- Ensure that your menu only extends to one line wherever possible. If your menu breaks into two lines then again this tends to look overly busy and is distracting.
- Remember that many recipients are going to be viewing your microsite on a mobile device. How does your site look on that? If you’re not sure, then you can use Developer Tools as a simulator.
Use the same font throughout!
Professional brands pour extensive resources into standardizing their brand. This extends to layout elements such as font types, font points, and colors. Our recommendation: borrow a page from the professionals and do the same.
Even if you don’t want to invest the time in creating formal branding guidelines and a style guide, you can still take some basic steps. These include:
- Keeping font variability to a minimum. Your H1, H2, H3, and paragraph text should all use the same font. The sizes of each of these standard headings should also be uniform.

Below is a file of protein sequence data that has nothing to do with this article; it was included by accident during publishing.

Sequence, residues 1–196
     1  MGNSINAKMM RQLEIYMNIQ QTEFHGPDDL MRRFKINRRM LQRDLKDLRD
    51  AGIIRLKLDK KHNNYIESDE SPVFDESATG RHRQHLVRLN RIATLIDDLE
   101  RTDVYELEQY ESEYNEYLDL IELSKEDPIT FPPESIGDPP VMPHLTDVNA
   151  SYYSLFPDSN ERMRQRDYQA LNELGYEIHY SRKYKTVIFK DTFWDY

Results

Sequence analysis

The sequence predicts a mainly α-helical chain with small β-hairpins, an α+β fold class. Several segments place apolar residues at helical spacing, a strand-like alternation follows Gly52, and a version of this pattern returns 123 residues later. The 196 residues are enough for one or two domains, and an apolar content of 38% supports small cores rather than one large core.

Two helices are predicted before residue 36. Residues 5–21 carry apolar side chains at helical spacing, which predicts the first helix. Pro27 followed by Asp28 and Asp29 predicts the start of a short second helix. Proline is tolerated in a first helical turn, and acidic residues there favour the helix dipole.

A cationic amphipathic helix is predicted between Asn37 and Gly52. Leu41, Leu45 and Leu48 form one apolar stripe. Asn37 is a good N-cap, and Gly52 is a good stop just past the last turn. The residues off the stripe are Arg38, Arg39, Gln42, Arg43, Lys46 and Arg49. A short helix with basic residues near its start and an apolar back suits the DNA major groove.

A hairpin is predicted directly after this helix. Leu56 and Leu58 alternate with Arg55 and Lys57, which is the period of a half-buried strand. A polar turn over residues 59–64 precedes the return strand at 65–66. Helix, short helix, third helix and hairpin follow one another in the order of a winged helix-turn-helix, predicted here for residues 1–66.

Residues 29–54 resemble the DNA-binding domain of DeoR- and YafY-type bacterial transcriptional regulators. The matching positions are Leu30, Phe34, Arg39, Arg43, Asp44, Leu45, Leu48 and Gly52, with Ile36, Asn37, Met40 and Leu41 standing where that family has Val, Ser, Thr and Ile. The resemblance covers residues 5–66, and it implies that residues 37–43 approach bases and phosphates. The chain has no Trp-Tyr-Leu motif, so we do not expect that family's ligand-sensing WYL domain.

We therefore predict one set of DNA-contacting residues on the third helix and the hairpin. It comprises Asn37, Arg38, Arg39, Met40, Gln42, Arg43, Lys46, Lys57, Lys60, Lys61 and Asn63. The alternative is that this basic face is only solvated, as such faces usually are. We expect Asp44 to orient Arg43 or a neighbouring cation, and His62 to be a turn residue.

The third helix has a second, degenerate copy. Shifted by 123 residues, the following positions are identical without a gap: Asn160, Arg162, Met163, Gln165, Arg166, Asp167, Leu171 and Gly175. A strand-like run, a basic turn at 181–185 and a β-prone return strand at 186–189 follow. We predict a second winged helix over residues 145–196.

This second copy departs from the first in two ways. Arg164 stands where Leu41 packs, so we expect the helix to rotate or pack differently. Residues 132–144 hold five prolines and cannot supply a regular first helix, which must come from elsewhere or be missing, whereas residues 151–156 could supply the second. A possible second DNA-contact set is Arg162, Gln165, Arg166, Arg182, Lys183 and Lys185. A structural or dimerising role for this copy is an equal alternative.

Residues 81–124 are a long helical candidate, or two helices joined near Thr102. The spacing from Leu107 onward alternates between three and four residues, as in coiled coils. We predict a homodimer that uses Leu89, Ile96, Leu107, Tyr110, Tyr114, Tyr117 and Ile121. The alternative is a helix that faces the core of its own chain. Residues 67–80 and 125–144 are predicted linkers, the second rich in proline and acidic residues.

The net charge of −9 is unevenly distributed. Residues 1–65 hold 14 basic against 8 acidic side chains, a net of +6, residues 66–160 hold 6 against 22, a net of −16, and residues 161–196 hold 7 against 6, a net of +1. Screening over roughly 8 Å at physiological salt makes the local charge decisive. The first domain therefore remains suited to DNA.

- Make sure that you don’t have text overruns in key sections of your website. This might require playing around with the font to keep paragraphs to a consistent layout.
Purposeless images are… purposeless
A picture speaks a thousand words. But a stock image that has absolutely no relevance to your microsite might speak … none at all.
Left: a non value-adding image. Right: better!
We’re all constantly being encouraged to be more visual. However, at the same time it’s important that everything you include in your content experience adds value to the reader. These days, with so many meetings and introductions happening remotely, it’s important to strive for authenticity. Stock imagery can achieve the opposite effect — sending a message to a client that your communication is a cookie-cutter formula that uses elements that you didn’t develop yourself.